So you just graduated from recording school? Congrats to you! But here are a few things you might not have learned in school:

You will initially blame the musician for not having the right sound, until you find the ability to always get the right sound for any musician.

You might not like every piece of music you record. You might get turned onto music you've never heard before.

You may not like the people you work with. You might develop long lasting friendships from working together.

You will only be recognized, if at all, for a small percentage of the work you do in the studio.

People will often get the credits wrong, and probably not in your favor — but sometimes there's a nice surprise.

You will probably spend more time dealing with computer maintenance than repairing audio gear.

People skills are far more important than technical skills.

You must have more technical skills at your disposal than you will ever need during a given session.

Be very careful of attempting to determine the style of music you are recording — you might be wrong and/or you might insult someone.

Don't admit to Auto-Tune use or editing of drums, unless asked directly. Then admit to half as much as you really did.

Never assume that the quality of the gear determines the quality of the recording.

Always try to use the best gear you can.

What sounds natural on other people's records might not be very natural at all.

What sounds processed might actually be natural.

It's easy to make a poor sounding recording.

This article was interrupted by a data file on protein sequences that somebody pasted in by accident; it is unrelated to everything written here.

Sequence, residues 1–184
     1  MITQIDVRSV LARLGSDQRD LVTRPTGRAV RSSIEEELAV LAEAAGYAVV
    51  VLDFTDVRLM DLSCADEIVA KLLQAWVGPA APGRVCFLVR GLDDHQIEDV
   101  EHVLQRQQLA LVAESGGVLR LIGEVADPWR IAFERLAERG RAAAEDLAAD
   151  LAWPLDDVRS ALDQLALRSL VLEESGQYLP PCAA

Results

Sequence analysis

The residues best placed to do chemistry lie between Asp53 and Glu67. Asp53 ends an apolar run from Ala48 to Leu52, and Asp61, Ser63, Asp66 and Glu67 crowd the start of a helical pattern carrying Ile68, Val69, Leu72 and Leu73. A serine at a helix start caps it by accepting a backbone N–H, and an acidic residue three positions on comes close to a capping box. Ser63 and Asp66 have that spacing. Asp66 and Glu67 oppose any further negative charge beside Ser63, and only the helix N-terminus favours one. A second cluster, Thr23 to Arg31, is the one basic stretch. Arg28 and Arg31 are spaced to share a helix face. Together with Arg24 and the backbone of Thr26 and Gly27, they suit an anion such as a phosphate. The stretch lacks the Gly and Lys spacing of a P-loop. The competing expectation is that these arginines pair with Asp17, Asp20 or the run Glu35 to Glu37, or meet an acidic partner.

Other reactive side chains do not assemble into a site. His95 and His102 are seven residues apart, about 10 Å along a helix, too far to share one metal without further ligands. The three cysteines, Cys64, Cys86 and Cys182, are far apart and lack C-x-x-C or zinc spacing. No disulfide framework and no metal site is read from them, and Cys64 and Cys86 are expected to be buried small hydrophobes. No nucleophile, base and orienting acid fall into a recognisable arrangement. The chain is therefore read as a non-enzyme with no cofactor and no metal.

It's hard to make a good sounding recording. 

It's easy to ruin a good sounding recording.

If you record something simple and straight- ahead, people will call it "lo-fi."

If you record something with all the bells and whistles, people will say it is "overproduced." It's very hard to accidentally overproduce an album, but people new to the studio will have a morbid fear of this happening.

If the record is a hit, the artist takes the credit — if the record is a flop, the producer is to blame.

The producer will blame the engineers. The tracking engineer will blame the mastering engineer.
The mastering engineer will blame the mixer.
The mixer will blame the mastering engineer and the tracking engineer.

Every time you purchase a new piece of recording equipment, the next thing you desire will be at least $1,000 more than what you just spent.

Any client you work with who keeps telling you that you have a dream job is probably the least enjoyable client you have worked with lately.

Words like "warm" and "punchy" will drive you crazy, as they do not mean anything. 

Everyone is afraid of fucking up something. If you are not afraid, you will fuck something up.

Without some records under your belt you have nothing

And it takes years... literally, years. 

And you never stop learning... 

Tape Op is a bi-monthly magazine devoted to the art of record making.

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